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Who is Louis Menand? | Magazine | The Harvard Crimson
Few professors at Harvard have websites made for them by dedicated fans—actually, few professors have dedicated “fans” in the first place, but it’s important to note that few professors write as distinctively and memorably as Menand does for both academic and general audiences.

“His prose is beautifully carpentered, luminous. He has a knack for turning over stones and uncovering writhing life beneath them,” says Henry Finder, editorial director of The New Yorker. Finder has worked with Menand since the mid-1990s, and notes the coolness of Menand’s approach, which sets him apart from other modern-day critics.
“I don’t write drafts. I just write straight through,” says Menand. “When you write a draft of something and you know it’s not the final version, you tend to loosen up the logical connections between your sentences and your paragraphs. When you write sentence by sentence, and the sentence feels like a finished sentence, the seams between the sentences are much tighter, and that’s how you want the piece to read. Good writing is seamless writing.”

But, Menand still takes notes—just fewer of them overall, and more strictly textual.

“I take notes on the facts, and the quotes I’m going to use, but I never write down ideas, because I don’t have an idea really until I’m ready. By the time I’m writing, those ideas are going to already be passé,” says Menand.

Menand also has some practical tips for writing.

“You should never write when you’re tired, by the way. That’s really bad. You should write when you’re awake,” says Menand. I think of an all-nighter English essay written earlier during the week and feel a bit ashamed.

Menand pauses a moment, and then stares at me as if to make sure I’m paying close attention. “This is a fact I read in The New York Times—this will be the most interesting thing in your piece,” he says, adopting a pointed, professorial gaze and tone of voice: “Most world records are broken between the hours of 5 and 8 p.m. ... That’s right.” He smiled smugly, relishing a rare self-conscious moment of intellectual peacocking. I wasn’t sure if he was joking, but I believed him anyway.
harvard  people 
yesterday by sandykoe
Dwayne Johnson, the Rock Clock app, and other secrets of staying motivated — Quartz at Work
This was not lost on the Rock. In 1997 he took time off for an injury. When he came back to the ring he was no longer Rocky Maivia. He was the Rock, a cocky, swaggering, cartoonish villain with a preternatural ability to pick up on the nuances of the crowd and play them to the hilt. By 1999, he was headlining Wrestlemania, a career leap somewhat akin to playing on a club team one year and being Super Bowl MVP the next.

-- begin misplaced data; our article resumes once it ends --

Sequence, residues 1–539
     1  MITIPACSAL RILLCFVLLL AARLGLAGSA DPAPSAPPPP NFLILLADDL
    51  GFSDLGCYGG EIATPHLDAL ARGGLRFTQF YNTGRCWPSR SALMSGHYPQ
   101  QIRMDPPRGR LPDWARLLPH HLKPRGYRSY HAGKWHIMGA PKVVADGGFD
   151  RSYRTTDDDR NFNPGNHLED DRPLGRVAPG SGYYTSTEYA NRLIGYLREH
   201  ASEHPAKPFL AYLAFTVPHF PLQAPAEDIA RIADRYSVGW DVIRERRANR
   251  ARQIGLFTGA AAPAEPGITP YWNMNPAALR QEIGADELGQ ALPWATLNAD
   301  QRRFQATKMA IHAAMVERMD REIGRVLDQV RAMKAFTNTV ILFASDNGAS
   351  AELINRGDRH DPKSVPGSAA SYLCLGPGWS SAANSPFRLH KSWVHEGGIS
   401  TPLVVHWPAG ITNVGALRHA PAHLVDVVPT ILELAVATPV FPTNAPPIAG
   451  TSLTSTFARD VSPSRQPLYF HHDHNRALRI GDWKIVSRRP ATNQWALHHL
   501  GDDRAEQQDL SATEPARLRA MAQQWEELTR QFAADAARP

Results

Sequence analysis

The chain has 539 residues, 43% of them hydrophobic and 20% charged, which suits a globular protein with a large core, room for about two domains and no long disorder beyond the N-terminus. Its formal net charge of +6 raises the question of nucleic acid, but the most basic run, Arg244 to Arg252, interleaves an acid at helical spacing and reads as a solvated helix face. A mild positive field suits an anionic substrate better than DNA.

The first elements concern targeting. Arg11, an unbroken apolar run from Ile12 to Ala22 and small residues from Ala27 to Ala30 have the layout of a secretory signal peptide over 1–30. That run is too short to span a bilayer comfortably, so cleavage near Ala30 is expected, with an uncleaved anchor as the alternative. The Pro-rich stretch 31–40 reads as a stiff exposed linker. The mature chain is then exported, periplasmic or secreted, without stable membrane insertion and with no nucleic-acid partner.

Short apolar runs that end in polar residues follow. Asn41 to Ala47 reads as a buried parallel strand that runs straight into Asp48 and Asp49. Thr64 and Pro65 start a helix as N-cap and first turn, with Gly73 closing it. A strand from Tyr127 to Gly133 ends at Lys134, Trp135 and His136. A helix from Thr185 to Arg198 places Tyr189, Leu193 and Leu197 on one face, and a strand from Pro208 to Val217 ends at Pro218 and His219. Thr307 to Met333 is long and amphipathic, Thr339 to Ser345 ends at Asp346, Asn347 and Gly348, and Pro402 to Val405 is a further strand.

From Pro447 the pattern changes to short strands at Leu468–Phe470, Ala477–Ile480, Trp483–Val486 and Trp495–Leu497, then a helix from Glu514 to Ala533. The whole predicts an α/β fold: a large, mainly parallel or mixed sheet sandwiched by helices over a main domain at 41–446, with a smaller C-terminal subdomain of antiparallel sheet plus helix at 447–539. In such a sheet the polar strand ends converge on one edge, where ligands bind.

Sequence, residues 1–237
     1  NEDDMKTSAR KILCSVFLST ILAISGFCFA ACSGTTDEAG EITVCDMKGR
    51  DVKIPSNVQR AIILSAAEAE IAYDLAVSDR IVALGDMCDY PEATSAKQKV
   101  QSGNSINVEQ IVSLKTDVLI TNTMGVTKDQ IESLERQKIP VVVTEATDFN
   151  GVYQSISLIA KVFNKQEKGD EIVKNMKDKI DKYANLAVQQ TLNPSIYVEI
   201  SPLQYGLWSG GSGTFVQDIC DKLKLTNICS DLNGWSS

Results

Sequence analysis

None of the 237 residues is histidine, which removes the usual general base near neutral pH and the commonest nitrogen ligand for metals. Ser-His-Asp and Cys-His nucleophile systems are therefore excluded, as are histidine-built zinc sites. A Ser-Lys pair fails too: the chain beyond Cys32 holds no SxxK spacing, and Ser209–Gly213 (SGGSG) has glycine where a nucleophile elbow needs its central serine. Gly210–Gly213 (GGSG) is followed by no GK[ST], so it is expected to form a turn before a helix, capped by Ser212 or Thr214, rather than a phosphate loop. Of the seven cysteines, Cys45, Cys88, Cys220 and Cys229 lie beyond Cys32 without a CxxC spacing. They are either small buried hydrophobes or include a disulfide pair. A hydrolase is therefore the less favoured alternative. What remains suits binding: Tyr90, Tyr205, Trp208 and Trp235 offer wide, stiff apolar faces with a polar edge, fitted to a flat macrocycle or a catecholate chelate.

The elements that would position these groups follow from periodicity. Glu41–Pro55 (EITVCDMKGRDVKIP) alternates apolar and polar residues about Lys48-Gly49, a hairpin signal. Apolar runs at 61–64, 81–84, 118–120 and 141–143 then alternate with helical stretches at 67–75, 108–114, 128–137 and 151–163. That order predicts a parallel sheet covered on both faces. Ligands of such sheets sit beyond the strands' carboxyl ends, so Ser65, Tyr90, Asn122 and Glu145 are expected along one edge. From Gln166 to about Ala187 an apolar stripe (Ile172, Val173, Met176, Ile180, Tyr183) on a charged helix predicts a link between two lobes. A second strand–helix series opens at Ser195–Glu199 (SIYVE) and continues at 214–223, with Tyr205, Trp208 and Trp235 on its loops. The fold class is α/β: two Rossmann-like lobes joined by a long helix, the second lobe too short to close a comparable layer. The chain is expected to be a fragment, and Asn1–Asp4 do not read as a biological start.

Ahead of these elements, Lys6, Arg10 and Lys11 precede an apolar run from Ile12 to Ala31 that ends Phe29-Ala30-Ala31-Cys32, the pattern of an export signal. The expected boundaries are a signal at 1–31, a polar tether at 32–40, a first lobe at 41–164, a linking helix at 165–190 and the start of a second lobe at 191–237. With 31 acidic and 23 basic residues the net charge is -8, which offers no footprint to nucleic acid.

people  therock  america  motivation 
2 days ago by JohnDrake
James Turnbull
Author of books on Docker and Terraform.
people  programming  books 
2 days ago by adambyrtek
Maneesh Agrawala
Maneesh Agrawala is the Forest Baskett Professor of Computer Science and Director of the Brown Institute for Media Innovation at Stanford University. He works on computer graphics, human computer interaction and visualization. His focus is on investigating how cognitive design principles can be used to improve the effectiveness of audio/visual media. The goals of this work are to discover the design principles and then instantiate them in both interactive and automated design tools.
people  visualization  research  human-computer-interaction 
3 days ago by doneata
Reconciling database identifiers with Wikidata | Bodleian Digital Library
In a previous blog post I stressed the advantage of mapping the identifiers in databases and catalogue to Wikidata. This post describes a few different tools that were used in reconciling more than three thousand identifiers from the Electronic Enlightenment (EE) biographical dictionary. via Pocket
metadata  people  places  tools  wikipedia 
3 days ago by kintopp
Right-Wing Leaders Call for McConnell’s Head on a Spike
He’s an old-school deal-cutter and string-puller whose idol is Henry Clay, not Barry Goldwater or even Ronald Reagan. More importantly, he’s a political realist who doesn’t believe in making futile gestures to further the Cause. And because he owes his loyalties to his party rather than to any doctrine, he in turn refuses to act as an ideological commissar against members of his conference who offend conservatives.
people  politics 
3 days ago by sandykoe

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